Just a few weeks after New Jersey Senators made headlines for opposing Chris Christie's stance on medicinal marijuana, patients with "intractable pain" were added to the list of those eligible for purchasing medicinal cannabis in Minnesota. At the same time, a state senator from Nebraska is pushing a bill that would legalize marijuana for medicinal purposes for the first time in his state.As KARE 11 in Minneapolis reported, the restrictions that are currently in place have resulted in enrollment being low for the medicinal marijuana program in Minnesota. This expansion is expected to dramatically increase the number of Minnesotans enrolled in the program, which will in turn lower the cost of the program -- potentially making it affordable for some patients that might otherwise be without access.
Although the announcement was made on Wednesday, it won't be put into practice until August. The use of medicinal marijuana is a hot topic in the United States right now. Health Commissioner Ed Ehlinger had this to say about coming to this decision:
"The relative scarcity of firm evidence made this a difficult decision. However, given the strong medical focus of Minnesota's medical cannabis program and the compelling testimony of hundreds of Minnesotans, it became clear that the right and compassionate choice was to add intractable pain to the program's list of qualifying conditions. This gives new options for clinicians and new hope for suffering patients."While the move received support from the public, some experts and medical professionals in Minnesota remain cautious. Dr. David Thorson, President of the Minnesota Medical Association, is willing to sign these types of prescriptions for eligible patients, but not all of his colleagues feel the same way. "What we're hearing from our physicians is they do not feel the evidence is there to justify the use," he said.Having recently returned from a trip to Minnesota to learn more about their medical marijuana laws, Nebraska State Senator Tommy Garrett is touring the Cornhusker State trying to gain support for a bill to legalize medicinal cannabis in his state. As the Sioux Land News reported, Senator Garrett makes the argument that marijuana is the best medical option for many patients in Nebraska. Making medicinal marijuana legal in Nebraska would prevent these people from having to choose between illegally self-medicating or moving out of the state altogether.As the Sioux City Journal noted, the senator claims to have never used marijuana himself, medicinally or otherwise. "I'm about as straight as they come," he said at a press conference in Dakota City. Garrett's bill is fairly restrictive and doesn't actually allow for smokable marijuana to be legalized even for medicinal purposes. Instead, it calls for the legalization of medical THC in liquid, pill or liquid vapor form. This would apply to patients who are suffering from any of the following: Alzheimer's disease, cancer, Crohn's disease, glaucoma, Hepatitis C, HIV/AIDS, severe muscle spasms, Tourette syndrome, or patients who suffer from a terminal illness and have a life expectancy that is less than a year.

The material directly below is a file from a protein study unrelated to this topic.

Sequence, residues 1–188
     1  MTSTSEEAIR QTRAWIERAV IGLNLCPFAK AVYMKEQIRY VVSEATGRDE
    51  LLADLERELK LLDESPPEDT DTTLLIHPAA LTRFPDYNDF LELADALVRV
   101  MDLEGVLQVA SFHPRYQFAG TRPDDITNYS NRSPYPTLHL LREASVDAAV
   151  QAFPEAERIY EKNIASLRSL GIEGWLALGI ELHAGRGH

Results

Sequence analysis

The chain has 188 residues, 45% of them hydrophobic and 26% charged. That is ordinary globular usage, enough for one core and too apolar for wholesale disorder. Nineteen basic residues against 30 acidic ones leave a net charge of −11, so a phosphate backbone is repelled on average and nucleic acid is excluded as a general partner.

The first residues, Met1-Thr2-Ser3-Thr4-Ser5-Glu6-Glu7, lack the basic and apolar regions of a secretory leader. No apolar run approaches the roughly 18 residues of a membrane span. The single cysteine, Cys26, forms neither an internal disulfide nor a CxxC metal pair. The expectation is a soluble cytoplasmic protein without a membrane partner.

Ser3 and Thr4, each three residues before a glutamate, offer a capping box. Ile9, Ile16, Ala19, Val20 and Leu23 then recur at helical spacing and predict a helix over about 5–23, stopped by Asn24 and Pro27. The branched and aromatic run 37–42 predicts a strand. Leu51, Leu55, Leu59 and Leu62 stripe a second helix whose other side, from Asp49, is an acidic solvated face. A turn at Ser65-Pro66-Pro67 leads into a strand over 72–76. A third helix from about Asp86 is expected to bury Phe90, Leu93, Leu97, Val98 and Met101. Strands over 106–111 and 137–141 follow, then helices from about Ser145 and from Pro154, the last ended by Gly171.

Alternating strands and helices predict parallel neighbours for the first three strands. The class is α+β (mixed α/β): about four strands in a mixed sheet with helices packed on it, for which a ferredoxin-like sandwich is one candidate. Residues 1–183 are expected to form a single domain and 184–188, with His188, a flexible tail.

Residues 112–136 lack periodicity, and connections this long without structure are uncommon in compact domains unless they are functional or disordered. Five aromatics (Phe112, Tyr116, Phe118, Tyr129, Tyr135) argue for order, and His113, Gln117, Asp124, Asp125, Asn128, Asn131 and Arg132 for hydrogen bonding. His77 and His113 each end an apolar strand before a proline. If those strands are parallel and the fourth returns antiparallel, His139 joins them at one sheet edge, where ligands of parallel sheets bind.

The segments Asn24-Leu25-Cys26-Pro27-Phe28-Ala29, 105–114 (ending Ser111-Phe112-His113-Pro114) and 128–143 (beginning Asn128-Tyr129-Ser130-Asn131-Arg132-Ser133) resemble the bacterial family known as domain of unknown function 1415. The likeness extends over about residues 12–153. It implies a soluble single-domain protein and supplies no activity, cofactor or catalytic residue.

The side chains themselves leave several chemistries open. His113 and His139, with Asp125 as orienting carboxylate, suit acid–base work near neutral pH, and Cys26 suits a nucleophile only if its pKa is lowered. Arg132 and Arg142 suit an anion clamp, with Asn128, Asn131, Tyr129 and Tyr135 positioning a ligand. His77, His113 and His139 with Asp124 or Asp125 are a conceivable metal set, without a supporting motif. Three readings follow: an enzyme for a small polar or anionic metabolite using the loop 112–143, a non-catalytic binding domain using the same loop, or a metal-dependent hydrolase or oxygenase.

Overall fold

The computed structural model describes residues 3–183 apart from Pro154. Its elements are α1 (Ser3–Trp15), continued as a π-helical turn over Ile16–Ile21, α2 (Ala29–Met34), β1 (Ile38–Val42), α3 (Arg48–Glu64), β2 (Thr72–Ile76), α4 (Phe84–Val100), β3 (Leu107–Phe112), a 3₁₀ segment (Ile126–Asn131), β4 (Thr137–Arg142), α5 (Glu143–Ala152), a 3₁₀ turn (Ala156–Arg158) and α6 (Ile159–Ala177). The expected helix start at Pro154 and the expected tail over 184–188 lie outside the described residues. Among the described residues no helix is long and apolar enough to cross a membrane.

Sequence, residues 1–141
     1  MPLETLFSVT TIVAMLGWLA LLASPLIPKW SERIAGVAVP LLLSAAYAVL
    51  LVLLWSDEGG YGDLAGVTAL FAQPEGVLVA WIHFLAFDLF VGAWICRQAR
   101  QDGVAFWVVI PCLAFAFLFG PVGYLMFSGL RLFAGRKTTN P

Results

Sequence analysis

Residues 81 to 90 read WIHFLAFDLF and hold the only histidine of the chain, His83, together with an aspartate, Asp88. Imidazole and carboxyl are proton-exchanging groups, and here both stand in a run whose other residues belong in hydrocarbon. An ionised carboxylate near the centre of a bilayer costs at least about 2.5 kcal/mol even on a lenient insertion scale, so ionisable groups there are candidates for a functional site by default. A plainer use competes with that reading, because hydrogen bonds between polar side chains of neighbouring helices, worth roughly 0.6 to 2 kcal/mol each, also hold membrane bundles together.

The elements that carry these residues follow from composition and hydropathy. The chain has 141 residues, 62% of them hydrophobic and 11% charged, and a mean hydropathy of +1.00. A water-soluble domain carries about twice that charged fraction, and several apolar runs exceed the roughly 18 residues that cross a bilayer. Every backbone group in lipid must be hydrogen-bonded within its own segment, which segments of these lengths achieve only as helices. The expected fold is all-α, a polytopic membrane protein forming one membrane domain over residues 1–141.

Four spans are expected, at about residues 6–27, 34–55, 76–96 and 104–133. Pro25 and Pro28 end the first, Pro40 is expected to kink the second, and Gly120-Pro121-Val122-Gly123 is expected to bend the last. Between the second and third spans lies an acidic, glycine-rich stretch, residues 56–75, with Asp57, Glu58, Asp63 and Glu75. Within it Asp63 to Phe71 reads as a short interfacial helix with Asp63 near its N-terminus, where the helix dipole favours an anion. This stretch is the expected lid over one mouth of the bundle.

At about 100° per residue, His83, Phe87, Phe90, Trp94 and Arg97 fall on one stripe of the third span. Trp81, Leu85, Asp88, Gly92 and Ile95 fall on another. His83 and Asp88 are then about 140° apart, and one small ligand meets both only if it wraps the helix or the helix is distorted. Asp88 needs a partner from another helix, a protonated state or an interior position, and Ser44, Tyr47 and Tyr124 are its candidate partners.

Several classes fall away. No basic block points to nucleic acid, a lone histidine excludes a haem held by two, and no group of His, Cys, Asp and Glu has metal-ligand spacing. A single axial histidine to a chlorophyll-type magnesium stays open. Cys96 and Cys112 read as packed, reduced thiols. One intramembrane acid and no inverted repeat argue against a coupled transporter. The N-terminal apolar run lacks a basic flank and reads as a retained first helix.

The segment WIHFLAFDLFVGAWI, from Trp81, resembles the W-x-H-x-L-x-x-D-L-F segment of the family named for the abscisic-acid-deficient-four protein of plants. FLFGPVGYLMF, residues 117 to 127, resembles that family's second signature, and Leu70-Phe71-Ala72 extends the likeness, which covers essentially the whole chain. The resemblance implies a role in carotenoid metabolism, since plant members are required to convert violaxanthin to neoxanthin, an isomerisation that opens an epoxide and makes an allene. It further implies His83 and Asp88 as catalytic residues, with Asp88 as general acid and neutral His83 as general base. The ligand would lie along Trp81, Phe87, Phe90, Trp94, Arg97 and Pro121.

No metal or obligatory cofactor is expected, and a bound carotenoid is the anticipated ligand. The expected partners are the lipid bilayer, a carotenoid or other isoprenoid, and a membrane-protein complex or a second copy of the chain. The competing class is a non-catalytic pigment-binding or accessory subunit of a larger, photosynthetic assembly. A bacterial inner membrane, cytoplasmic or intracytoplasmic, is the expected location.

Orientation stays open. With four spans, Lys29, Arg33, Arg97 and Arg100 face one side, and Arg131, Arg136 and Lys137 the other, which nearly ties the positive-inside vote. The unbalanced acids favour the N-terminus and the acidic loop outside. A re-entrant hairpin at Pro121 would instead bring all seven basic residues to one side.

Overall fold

Nebraska Attorney General Doug Peterson, along with some opponents of legalized marijuana for medical purposes, warn that passing such a law is a slippery slope towards legalizing recreational marijuana.Marijuana is still illegal at the federal level in the United States, whether used for recreational or medicinal purposes. Twenty-three states and the District of Columbia have legalized medicinal marijuana use. Four states -- Oregon, Alaska, Washington and Colorado -- have legalized both medicinal cannabis and recreational pot.
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